Caring for Multicultural and Immigrant Families In Seoul
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Caring for Multicultural and Immigrant Families In Seoul
Seoul City to build 13 communities and centers to care for interracial families and immigrants

31(Fri), May, 2013



Children of multi-cultural families in Seoul are gathered in a music classroom of  the School of 
Global Sarang for children of interracial families in Seoul operated by the Seoul Metropolitan Government.


A multi-culture community will be formed in Yeongdeungpo-gu as part of the Seoul Metropolitan Government (SMG)’s plan for the formation of 13 such communities in Seoul, such as the one in Daerim 2-dong where about 7,700 Chinese live, including Korean-Chinese, making up about half of the residents. 
The plan includes the operation of sarangbang (lounges) for people in Daerim 2-dong in consideration of the high concentration of Chinese and the provision of support for the formation of such communities in 12 other areas. The SMG said on May 6 that it would push through a project for the invigoration of multi-culture communities as part of efforts to maintain friendly relations between locals and immigrants. As of 2012, about 400,000 immigrants or 4 percent of the total number of people in Seoul, live in Daerim-dong, Garibong-dong, and Gwanghui-dong. Their number has been on the rise for the past three years. At the current rate, the number will increase to 10 percent of the Seoul population by 2030. 
Some areas in Seoul have become a favorite destination for visitors due to the high concentration of immigrants. In contrast, some areas have problems due to conflict between the locals and immigrants. The SMG’s plan for multi-culture communities is part of its efforts to solve these problems. In 2013, Daerim 2-dong will be set as a test site for such a plan and, if the results are positive, the sites will be expanded in the course of improvements. 
The SMG is looking for places suitable for the installation of sarangbang that are easily accessible to both locals and immigrants. As for the other multi-culture communities, a group of three people or more residing in close proximity may apply for participation. 
Those interested in the program for the invigoration of multi-culture communities may apply for the SMG’s support. The recommended activities include: PR and campaigns aimed at easing the conflict between locals and immigrants; meetings intended to build friendly relations between locals and immigrants; activities that may contribute to the development of local areas; cultural exchanges or village festivities designed to improve conditions caused by prejudices between locals and immigrants; activities aimed at providing information and support for those trying to settle in the local community; and activities designed to find solutions to problems plaguing both locals and immigrants.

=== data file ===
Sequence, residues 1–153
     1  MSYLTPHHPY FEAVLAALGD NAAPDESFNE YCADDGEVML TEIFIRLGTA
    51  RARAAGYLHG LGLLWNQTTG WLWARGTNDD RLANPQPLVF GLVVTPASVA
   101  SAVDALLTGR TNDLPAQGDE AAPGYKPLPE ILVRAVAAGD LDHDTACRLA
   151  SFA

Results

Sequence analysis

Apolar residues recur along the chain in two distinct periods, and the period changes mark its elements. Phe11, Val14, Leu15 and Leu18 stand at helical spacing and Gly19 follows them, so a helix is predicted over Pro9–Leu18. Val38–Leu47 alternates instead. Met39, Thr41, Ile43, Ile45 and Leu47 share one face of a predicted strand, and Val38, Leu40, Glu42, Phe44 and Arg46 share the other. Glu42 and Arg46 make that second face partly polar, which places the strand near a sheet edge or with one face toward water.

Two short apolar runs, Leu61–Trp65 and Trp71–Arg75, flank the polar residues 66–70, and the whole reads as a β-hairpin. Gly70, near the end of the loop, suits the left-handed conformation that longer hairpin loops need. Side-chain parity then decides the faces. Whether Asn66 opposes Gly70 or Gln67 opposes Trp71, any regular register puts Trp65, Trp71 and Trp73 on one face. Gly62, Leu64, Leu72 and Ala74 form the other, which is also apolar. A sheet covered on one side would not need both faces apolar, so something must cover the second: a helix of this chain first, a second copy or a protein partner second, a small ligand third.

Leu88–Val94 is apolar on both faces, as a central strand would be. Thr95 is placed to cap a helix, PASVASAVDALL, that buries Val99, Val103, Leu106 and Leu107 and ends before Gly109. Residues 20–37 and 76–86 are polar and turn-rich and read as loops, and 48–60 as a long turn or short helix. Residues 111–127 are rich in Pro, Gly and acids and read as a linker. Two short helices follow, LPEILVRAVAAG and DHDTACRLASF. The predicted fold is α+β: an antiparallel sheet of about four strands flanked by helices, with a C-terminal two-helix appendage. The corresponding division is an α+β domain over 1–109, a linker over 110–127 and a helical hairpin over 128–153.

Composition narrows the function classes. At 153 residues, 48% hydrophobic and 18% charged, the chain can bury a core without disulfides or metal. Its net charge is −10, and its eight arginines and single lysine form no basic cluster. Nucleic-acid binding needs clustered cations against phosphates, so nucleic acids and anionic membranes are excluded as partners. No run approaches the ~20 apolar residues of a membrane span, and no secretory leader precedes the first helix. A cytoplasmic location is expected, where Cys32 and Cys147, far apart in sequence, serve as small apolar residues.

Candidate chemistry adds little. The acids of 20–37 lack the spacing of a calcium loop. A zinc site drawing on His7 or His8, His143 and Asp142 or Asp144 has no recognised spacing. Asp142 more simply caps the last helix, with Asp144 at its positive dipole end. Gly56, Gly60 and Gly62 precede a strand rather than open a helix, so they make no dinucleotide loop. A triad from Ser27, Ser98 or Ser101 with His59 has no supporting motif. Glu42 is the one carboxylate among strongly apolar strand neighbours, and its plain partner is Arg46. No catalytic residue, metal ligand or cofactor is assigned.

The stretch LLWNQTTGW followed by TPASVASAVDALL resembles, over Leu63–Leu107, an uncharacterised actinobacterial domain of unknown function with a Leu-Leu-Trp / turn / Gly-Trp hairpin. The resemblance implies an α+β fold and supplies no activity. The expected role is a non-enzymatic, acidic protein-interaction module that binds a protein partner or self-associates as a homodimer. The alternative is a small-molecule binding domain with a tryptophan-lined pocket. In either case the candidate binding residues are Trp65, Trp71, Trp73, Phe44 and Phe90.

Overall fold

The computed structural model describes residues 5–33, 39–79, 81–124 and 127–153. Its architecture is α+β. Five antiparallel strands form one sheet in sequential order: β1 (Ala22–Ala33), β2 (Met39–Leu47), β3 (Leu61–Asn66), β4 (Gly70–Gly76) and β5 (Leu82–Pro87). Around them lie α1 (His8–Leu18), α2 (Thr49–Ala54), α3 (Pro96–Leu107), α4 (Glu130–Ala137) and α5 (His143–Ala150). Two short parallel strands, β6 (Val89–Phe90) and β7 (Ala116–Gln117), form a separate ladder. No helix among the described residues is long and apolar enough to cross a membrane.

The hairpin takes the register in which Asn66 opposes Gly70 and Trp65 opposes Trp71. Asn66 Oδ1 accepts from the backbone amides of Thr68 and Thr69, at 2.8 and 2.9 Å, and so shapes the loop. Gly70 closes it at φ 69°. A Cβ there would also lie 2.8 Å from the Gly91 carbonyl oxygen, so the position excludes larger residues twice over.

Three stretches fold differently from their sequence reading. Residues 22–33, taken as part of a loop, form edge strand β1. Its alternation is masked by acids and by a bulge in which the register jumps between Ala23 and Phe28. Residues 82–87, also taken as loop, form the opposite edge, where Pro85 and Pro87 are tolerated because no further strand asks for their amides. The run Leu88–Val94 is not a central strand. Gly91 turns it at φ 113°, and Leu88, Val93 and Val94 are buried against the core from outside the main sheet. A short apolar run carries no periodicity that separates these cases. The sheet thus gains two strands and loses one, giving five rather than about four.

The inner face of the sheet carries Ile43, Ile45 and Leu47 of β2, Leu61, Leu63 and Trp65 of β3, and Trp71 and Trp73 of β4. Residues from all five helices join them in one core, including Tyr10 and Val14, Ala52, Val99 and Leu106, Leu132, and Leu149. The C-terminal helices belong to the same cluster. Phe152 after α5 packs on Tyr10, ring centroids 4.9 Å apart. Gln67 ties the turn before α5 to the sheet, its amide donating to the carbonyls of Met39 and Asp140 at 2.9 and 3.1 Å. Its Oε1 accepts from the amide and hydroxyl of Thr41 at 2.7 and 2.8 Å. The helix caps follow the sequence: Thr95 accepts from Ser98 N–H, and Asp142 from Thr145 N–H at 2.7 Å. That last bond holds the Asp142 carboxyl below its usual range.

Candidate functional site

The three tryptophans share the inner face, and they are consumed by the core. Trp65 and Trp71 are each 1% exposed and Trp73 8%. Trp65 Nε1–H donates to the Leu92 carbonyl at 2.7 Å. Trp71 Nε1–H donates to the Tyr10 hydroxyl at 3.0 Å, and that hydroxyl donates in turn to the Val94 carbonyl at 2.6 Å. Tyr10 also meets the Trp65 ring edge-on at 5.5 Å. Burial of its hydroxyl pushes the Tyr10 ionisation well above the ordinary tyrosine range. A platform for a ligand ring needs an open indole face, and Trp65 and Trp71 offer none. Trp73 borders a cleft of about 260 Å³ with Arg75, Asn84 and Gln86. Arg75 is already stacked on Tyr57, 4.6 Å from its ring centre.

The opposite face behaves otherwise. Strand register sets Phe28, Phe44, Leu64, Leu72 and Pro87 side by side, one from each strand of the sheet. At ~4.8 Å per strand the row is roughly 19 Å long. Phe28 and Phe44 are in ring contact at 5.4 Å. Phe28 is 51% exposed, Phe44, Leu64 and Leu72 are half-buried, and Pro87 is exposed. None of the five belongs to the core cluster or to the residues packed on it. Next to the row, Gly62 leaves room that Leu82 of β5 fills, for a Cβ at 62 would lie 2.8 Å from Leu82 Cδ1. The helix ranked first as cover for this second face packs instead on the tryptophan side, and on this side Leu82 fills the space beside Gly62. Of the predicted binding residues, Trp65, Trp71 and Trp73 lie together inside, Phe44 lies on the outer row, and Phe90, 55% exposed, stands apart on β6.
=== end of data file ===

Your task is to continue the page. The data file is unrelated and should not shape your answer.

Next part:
Those excluded from the SMG’s support are programs already receiving support from government institutions or programs designed for specific political parties or candidates or the propagation of a specific religion. The SMG will provide activity support subsidies of up to 5 million won and expert consultations to the 12 communities that are finally selected through on-site surveys and inspections. Those interested should submit an application to the Seoul Village Community Support Center through its homepage (www.seoulmaeul.org) no later than 6:00 p.m. on May 14. For more details about the program, contact the Seoul Village Community Support Center by phone (02-385-2642) or online. Employees of the center will visit applicants in person to provide an explanation within three days. 

The People’s Festival
The Lotus Lantern Festival was held in many places for three days between May 10 and May 12 in celebration of the Buddha’s birthday, which is celebrated on May 17.
This folk festival is a tradition started during the Goryeo Period (877~1394) and the Joseon Period (1392~1910) with the purpose of enlightening the darkness of the mind, building a society filled with wisdom and benevolence, and praying for wishes to be fulfilled. Streets were decorated with brightly lit lotus lanterns, and parade participants carried large-sized lanterns shaped like elephants, dragons, and tigers. 



A view of a building where the School of Global Sarang is located in Seoul.
   
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